Tourism reservations in Amorgos are promising this year, and the feeling was guardedly optimistic. But anyone expecting crisis-related discounts to lure in visitors would be misguided. My impression is that the crisis has made the hospitality industry less rather than more generous. Price gouging, which I had not noticed before on previous visits, has encamped in the Amorgos cafes and bars. The food, which was never worth any culinary stars, has become still heavier and greasy-spoon, as owners are cutting costs and going back to their roots, literally. The free shotglass of raki or ouzo has been replaced by some ubiquitous herbal flavored cheap wine. Visitors are advised to bring their own tinned food or stock up in the grocery stores and avoid the restaurants if they want to stay healthy.
Do not get me wrong. The pathways are as glorious as ever. The azure skies and wildflower-studded meadows, the scents of herbal bouquet, the cute goats roaming free in the hills, and the absolutely clear waters even in the port remain as attractive as on my previous visits. But what we eat has an undeniable impact on how we see the world, and the Greece of the island I know best has taken a slide backwards. The quality is down and the courtesy items are gone.
In Athens the extended recession/depression has left its mark especially in the city center around Omonia and Syntagma squares: many shuttered storefronts and ubiquitous "Wake Up" and other graffiti covering every imaginable surface. The mood of our hotel keeper in the Plaka was downbeat, as he complained that the tourist season, which should be in full swing, is off to a meager start. From our 2nd-floor balcony overlooking the pedestrian street leading to the main restaurant areas, we could see for ourselves that the large currents of the past have been reduced to a trickle.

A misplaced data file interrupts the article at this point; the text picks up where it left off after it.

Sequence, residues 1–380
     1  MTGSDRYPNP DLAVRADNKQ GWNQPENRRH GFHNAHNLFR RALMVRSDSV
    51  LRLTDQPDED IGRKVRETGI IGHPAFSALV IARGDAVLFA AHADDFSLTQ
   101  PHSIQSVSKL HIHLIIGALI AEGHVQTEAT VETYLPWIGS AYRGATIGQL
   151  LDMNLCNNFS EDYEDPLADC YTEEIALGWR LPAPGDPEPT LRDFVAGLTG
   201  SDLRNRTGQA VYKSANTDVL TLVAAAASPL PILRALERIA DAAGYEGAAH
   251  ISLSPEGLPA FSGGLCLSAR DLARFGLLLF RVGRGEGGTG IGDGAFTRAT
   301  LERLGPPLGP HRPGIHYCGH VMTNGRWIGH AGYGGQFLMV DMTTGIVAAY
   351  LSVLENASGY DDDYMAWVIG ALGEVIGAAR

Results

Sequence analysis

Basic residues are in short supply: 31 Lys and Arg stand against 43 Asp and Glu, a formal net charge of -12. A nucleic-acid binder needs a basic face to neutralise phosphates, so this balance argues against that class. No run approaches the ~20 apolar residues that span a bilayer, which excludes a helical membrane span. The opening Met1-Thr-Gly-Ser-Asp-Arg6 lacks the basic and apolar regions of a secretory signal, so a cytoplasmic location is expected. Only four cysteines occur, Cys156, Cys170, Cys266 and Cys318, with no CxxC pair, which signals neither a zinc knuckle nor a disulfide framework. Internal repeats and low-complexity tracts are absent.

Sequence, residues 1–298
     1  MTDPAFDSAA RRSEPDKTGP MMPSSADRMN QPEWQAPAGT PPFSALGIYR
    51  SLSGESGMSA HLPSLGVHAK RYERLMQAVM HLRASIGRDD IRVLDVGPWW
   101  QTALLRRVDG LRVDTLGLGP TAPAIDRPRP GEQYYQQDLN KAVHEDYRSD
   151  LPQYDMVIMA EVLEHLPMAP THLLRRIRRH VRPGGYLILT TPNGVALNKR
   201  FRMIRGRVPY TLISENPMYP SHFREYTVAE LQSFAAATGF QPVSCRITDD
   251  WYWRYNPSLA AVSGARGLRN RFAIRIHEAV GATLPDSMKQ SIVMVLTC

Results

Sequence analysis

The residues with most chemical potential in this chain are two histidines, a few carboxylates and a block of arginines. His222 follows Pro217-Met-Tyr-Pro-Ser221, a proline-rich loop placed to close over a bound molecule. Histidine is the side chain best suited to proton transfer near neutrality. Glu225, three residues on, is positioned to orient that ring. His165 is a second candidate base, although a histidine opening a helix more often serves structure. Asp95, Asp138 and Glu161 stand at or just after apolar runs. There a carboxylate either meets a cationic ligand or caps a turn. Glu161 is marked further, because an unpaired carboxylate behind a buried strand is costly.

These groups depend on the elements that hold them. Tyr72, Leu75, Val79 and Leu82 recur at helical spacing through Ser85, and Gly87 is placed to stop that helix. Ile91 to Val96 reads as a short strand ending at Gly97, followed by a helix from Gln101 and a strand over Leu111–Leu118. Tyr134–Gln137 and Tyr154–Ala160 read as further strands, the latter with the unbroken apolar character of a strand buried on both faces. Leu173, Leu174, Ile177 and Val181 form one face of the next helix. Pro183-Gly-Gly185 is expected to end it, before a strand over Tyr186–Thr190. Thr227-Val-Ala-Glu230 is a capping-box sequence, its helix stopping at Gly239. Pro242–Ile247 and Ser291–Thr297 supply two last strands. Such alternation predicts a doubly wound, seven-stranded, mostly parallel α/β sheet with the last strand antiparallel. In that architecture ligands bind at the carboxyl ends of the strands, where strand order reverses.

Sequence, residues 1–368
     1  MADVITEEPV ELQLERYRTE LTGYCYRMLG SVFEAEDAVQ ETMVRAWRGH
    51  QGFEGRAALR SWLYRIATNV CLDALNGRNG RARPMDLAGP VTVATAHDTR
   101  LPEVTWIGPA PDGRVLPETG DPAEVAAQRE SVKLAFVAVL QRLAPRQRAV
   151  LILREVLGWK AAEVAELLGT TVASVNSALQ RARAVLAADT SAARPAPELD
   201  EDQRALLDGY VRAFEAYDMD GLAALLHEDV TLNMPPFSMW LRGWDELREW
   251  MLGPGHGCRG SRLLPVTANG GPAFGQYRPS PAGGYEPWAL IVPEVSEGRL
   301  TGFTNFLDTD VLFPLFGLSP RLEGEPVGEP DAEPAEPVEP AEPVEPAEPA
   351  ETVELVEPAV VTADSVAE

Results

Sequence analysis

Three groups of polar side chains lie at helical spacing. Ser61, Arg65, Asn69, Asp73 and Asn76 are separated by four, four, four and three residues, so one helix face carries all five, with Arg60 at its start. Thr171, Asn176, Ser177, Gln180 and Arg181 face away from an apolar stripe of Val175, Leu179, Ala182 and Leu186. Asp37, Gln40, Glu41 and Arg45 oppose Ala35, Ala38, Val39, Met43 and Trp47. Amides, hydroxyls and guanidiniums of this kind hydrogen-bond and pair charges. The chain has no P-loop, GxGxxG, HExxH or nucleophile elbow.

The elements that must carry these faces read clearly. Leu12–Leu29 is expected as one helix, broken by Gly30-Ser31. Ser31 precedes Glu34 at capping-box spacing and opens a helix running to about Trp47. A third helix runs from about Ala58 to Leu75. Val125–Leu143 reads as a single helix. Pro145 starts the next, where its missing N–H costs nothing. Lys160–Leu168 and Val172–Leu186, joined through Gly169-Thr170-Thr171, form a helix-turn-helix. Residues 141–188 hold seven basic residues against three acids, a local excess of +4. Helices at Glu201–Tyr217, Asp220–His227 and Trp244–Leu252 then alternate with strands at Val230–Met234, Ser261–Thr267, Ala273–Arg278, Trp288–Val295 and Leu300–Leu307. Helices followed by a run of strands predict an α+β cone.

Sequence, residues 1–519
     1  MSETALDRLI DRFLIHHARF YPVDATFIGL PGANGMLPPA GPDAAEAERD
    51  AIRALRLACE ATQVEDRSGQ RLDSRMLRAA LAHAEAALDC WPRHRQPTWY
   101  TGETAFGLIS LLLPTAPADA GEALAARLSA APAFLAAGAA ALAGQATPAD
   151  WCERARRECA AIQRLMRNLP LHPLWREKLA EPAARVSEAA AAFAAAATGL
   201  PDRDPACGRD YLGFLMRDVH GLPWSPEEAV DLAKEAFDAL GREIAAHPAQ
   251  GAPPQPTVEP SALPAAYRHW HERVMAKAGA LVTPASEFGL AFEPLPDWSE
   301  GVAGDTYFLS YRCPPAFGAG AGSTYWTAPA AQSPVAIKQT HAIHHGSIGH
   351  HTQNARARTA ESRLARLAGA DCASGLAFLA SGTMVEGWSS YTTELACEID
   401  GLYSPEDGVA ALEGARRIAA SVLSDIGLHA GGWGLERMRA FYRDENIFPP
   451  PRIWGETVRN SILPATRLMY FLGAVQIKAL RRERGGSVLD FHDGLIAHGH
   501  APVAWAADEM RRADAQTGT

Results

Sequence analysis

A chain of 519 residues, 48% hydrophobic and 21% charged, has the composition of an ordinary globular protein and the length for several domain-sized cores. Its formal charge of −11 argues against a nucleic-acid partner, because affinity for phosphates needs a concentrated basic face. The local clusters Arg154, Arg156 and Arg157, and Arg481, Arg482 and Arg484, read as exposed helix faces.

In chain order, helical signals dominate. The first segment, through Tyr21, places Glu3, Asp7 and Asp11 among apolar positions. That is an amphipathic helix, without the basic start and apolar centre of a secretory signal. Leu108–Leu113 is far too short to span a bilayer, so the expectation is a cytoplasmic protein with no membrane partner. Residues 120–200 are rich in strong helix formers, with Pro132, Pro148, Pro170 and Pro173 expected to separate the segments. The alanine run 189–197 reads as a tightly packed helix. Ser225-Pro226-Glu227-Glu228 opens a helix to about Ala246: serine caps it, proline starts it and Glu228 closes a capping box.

And the demography of the tourists in Athens has changed. Yes, the Americans are still there, though in reduced numbers. The Brits seem to have disappeared completely, and we detected only a very few Germans. On the other hand, there were groups of Spanish youths and French intellectuals-teachers, as always. The biggest contingents we encountered among the visitors to the Acropolis were Russians and Chinese, the former as individual tourists (special essentially visa-free rules have been put in place by Greece for the duration of the tourist season) and the latter as groups. Our hotel keeper is particularly hoping for more Chinese. Judging by the sales personnel/owners of souvenir shops, both Chinese and Russians are moving in for good, just as they did in Venice some years ago.